Can we trust title deeds?

6 mins read

I want to share with you the various complaints that we receive, which concern the extent of the described properties on the titles of plots of land and fields.

Until recently, I wanted to believe that a title issued by the Republic had the correct area registered and citizens could rely on it.

At some later stage, after the purchase of the property and in case of re-calculation of the area, the extent increases or decreases.

In the first case, the seller may suffer a loss, while in the second case, the buyer.

So, the buyer/owner prepares plans and executes a project based on a building permit, where the registered area on the title is calculated. Finally, at issuing the certificate of final approval/issuance of titles, the Land Registry re-calculates the area and concludes to less (or greater) than that stated in the title.

Thus, the whole project may have an excess density of the original plans and be unable to issue titles.

Who should be blamed for this situation, the owner who adopted a document of the State as being correct, or the Land Registry (the State) who made the original mistake?

What is the fault of the project’s buyers who will not have titles?

The various answers we receive are that “now with new technology, we can measure the areas more accurately”, or “buy a building factor from a property with a preservation order” to overcome the problem, and “apply for amnesty”.

All this is good, but who will pay for the mistake?

It’s certainly not the owner’s fault.

Apart from obvious errors (e.g., instead of 1,000 m2, the number 10,000 m2 is sometimes written), the initial area of the field should be adopted with a relevant note in the title for the new area.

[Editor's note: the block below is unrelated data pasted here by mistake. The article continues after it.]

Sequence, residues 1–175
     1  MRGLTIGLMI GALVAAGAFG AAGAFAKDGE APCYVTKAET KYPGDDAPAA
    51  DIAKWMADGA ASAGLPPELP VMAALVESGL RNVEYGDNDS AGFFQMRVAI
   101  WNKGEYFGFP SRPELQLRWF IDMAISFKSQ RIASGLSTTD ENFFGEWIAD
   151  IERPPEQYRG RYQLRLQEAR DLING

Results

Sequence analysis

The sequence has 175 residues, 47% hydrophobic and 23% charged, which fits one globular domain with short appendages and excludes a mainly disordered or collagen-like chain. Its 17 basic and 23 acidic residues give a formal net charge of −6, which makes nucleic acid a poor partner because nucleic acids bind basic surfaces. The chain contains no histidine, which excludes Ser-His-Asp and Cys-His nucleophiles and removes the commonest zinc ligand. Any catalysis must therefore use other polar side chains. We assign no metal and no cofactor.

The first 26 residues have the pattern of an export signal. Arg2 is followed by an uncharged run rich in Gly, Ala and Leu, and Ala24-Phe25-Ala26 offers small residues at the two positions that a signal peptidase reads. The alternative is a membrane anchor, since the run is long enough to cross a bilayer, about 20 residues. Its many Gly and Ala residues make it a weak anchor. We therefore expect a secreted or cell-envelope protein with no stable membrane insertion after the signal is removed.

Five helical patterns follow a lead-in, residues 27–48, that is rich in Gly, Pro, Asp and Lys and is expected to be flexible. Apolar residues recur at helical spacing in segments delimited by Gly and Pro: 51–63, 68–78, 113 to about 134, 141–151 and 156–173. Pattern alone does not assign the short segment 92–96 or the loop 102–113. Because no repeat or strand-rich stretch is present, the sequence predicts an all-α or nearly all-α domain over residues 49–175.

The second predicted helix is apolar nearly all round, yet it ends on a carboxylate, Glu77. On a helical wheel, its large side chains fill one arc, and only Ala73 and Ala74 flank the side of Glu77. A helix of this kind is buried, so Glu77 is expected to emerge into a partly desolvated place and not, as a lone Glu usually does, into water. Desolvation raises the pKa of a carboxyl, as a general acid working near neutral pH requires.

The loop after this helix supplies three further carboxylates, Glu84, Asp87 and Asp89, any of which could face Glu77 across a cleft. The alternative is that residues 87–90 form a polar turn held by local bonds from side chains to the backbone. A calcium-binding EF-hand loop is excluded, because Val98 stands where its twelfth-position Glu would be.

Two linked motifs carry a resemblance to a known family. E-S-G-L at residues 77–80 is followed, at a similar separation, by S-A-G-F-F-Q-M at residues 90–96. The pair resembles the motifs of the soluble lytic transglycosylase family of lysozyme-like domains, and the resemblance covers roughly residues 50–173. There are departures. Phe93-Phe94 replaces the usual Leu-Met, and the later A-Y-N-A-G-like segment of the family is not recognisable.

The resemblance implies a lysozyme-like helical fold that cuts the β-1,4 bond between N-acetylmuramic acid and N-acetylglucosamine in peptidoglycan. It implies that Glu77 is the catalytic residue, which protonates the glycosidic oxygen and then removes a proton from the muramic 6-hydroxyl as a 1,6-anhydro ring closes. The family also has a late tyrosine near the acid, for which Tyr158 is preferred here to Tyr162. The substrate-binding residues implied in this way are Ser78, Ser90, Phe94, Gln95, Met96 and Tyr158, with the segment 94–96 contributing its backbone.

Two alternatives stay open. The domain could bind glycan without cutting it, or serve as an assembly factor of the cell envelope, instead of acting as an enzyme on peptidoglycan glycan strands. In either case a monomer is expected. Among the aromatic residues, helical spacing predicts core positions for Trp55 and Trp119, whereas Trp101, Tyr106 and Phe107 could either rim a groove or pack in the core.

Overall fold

In a case in Paralimni with a plot area of 650 sq.m. on the title and with a building permit, the area of the plot was reduced to 570 sq.m. and so even though the project had a building permit; it could not proceed, not only because of the smaller area (exceeding the building density) but with the new dimensions, the licensed project did not fit on the smaller plot.

“Initiate a lawsuit against the Land Registry”, the lawyer advised us.

But is that the point, or should it be with some “automatic” relaxation that the project can proceed without requiring long legal battles, compensation, liquidity problem for the owner, exposure to pay off the bank and what will happen with project buyers?

“We did a new land survey,” the Land Registry responded to us, and we found differences in the land survey.


At the same time, the Land Registry in the Famagusta area admitted that, based on the new land survey, several buildings encroach on neighbouring owners!

A directive from the Interior Ministry on the matter would resolve many of these problems, including the pending issue of titles caused by such mistakes.

Before undertaking a development, a “proper” owner should demarcate his property through the Land Registry.

At least at this initial stage, they should know before proceeding to the next stages of development.

It is in human nature to make mistakes, but there should also be solutions for the unfortunate citizens who place their trust in government documents.

If not, then before selling/buying an estate, each owner should submit a relevant application to the Land Registry for new survey work (thousands of applications) and after waiting 1-2 years to arrive.

Certainly, this does not help development with all the side effects mentioned.

In another case, on a field of 60,000 sqm and after the project of 50 houses was built, we suddenly learned that the new area is 58,000 sqm and, therefore, a building factor/building amnesty of €70,000 should be purchased.

Who will pay this amount?

In another case, after the stakes were placed and nine houses were developed, the neighbour of the adjacent field and after six years (after the original project was finished), demarcated his plot.

Suddenly the project of 9 houses was located at a distance of 1½ metres instead of 3 meters from the border (I repeat that the Land Registry itself placed the boundary six years ago).

So far, so good, but what happens when the building with the new measurements is found within the neighbouring plot, and the neighbour now demands through the court its demolition (a case in  Ayia Napa)?

This serious problem requires immediate solutions with simple procedures that call for the Interior Minister’s attention.


Antonis Loizou FRICS Antonis Loizou & Associates EPE – Real Estate Appraisers & Development Project Managers